On Being Different
I've been thinking a lot these past couple of weeks about fitting in. Because I feel like I don't. And it's okay, it doesn't really bother me; I've spent a lot of time in my life not fitting in.
It's human nature, of course, to look around at other people and to look for those with whom you have some kind of connection. That's just what we all do when we spend any time with a group of people. And many of us (maybe all of us?) compare ourselves to the people we meet. It's the unconscious comparison, I think, that allows us to find those we have something in common with. In my contacts with my classmates in the past couple of weeks, I have discovered several things about them and about myself.
I am, quite obviously, the oldest person in my section. How many times did I blog about that before I started? I kept saying that I didn't want to be the oldest one, and that I was certain that I wouldn't be. And I'm not the oldest one in my class. I know for a fact that there is at least one student who is, as the dean told us all on the first day, in his or her 50s. That student (or students) is in the evening section, however. Along with all the other students who are anywhere near my age. When I sit in class and look around at everyone else, they all look so young. They all are so young. I sit next to one woman in several of my classes who is only 6 years younger than me. And I know of one man who is 10 years younger than me. The average age in my class is 24, so most everyone else is significantly younger. I believe that in my Civil Procedure class I am the oldest person in the room, because I think even the professor is younger than me.
This age difference is evident in the way I dress and my hair style (not to mention my wrinkles!), even though I think my appearance can sometimes be deceiving. I'm not sure if I necessarily look like I'm 39 years old. The significant difference is most evident in the conversations I overhear. After only three weeks, Friday classes are spent discussing what happened at the Thursday night SBA bar parties, for example. While many of my classmates are spending time together socially on Thursday nights, I am spending the evening commuting to and from my home/minivan/kids/dog in the suburbs, making dinner, running kids to two different football practices and attending school board meetings. (Upon discovering the fact that I drove a minivan and had children, one of my classmates recently asked me if I was a "soccer mom.") And I'm okay with that. I love my life, and I've already done the social bar scene in undergrad and then for awhile after I graduated. I don't have any desire to do that again. None of this is unexpected, of course. I've known all along that my age would set me apart. I guess I just didn't expect it to be so glaringly obvious.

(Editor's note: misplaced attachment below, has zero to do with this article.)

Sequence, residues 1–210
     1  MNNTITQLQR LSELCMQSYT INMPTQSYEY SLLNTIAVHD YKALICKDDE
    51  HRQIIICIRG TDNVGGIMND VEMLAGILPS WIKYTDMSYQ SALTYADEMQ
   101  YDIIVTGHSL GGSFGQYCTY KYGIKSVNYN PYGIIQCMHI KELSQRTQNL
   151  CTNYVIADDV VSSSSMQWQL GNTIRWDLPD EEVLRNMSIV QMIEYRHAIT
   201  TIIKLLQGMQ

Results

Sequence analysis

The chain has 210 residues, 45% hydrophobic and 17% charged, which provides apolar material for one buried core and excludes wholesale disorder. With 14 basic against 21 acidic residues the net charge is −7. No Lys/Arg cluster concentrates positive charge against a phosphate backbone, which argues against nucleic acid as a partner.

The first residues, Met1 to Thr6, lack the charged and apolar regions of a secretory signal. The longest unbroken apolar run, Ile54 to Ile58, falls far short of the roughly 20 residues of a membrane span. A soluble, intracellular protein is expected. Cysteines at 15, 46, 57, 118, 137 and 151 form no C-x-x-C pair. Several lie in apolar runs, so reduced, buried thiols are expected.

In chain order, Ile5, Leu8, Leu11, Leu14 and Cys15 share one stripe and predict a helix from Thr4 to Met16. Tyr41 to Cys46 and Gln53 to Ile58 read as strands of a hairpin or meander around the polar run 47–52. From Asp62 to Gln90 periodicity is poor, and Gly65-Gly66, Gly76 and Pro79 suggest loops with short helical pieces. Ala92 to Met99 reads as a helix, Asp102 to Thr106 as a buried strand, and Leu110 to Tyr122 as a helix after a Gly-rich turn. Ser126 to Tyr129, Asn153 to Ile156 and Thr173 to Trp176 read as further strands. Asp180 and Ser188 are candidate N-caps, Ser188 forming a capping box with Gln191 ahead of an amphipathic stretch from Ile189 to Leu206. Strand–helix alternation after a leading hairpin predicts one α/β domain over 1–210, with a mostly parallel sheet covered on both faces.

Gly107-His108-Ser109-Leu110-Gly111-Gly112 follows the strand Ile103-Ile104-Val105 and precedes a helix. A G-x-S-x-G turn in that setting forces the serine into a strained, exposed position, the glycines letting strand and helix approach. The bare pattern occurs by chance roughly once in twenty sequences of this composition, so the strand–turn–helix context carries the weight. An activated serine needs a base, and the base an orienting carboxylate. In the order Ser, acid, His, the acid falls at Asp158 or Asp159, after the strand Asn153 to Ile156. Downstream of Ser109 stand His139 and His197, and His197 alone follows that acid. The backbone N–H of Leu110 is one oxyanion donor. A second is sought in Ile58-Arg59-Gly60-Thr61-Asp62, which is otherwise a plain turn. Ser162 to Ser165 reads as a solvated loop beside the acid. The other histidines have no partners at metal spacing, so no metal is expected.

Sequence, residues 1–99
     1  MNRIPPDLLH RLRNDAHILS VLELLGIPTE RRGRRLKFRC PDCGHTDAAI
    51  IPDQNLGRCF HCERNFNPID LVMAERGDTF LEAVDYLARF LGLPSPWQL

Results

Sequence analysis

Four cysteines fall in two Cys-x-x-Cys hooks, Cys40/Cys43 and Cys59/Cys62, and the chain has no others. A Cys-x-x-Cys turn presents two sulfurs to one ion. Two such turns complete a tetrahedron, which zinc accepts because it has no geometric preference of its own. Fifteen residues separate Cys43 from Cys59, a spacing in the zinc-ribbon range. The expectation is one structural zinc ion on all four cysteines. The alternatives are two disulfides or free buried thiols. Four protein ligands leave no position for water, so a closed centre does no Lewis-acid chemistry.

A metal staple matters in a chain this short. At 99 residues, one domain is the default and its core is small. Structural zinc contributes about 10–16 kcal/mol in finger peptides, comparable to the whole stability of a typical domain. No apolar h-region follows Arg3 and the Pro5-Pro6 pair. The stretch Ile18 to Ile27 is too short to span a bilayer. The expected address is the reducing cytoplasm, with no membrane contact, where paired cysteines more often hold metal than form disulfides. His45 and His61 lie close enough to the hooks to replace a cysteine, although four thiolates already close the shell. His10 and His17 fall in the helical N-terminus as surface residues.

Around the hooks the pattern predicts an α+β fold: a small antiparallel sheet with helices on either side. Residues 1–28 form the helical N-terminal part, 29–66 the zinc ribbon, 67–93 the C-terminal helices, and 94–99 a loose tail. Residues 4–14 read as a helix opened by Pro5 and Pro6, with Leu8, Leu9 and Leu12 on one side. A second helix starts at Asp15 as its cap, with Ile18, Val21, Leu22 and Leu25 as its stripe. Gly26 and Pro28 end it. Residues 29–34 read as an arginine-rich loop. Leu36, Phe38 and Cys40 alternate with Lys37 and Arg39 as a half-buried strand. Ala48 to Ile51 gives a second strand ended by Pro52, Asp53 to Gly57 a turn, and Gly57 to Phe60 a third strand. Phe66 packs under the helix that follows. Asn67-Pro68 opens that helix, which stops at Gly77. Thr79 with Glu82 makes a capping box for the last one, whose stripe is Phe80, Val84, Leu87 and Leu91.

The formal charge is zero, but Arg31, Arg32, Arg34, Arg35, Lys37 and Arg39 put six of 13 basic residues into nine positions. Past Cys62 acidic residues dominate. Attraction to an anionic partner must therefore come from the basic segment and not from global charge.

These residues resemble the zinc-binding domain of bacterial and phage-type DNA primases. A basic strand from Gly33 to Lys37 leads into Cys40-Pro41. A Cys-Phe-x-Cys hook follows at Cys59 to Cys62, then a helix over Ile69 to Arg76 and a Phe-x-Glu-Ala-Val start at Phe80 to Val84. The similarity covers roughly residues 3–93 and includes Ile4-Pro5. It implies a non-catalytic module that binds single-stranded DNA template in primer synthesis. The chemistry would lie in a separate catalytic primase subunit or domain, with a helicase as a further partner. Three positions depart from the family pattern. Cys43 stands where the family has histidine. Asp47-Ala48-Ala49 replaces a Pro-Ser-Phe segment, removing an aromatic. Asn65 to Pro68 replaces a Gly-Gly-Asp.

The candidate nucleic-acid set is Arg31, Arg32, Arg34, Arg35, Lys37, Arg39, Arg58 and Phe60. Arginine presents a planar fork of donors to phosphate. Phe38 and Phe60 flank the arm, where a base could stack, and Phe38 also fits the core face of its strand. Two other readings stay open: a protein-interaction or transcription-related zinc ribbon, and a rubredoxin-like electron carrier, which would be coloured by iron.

The difficult thing about this for me is that I'm not exactly sure how to overcome these differences. I'm not even sure if I need to overcome anything. It might just have to be what it is. I will admit to wondering from time to time if I wouldn't have fit in better in the evening section. Logistically, I couldn't possibly take classes in the evening unless Randy got a new job, but I'm not sure I wouldn't try to switch if it was an option.
I have also noticed that I frequently feel as if I'm leading a secret, double life. When I'm at school I am a law student, even if I am an old one. From the moment I get on the train until the moment I get off, I am immersed in Torts and Civil Procedure and Legal Writing. I love reading and thinking about this stuff, and I can see how it could become all-consuming. However, when I walk through my front door each day, I become Just Mom. I am still the person making dinner and doing laundry and packing lunches and helping with homework and driving to practice and the orthodontist and the grocery. Kim the law student is incidental to Kim the mom. I am still a law student, because as I'm making lunches and doing laundry I'm thinking about Torts and Civil Procedure, but the kids don't want to hear about intentional torts and diversity jurisdiction. They just want to tell me about what Joey did on the bus and about what supplies they need for their English project at school. I have spent such a long, long time being "just a mom" that it's odd for me to have this completely separate existence from them that for once doesn't have anything to do with their school district or their lives.
I suspect that this disjointed/split feeling will fade a bit over time as I get used to juggling these two very different parts of my life. And despite the feeling of being split, I find that I am feeling extremely happy. I love law school so far even if I am old, and I feel so lucky to have these great kids and this great life AND to get to do something that I really want to do. I count my blessings daily. And sometimes when I'm feeling especially different at school, I think about how much I've accomplished in the last 17 years, and about how much my classmates still have to do to get to the place where I am. The getting here is fun, if not a lot of work, but the being here is absolutely amazing.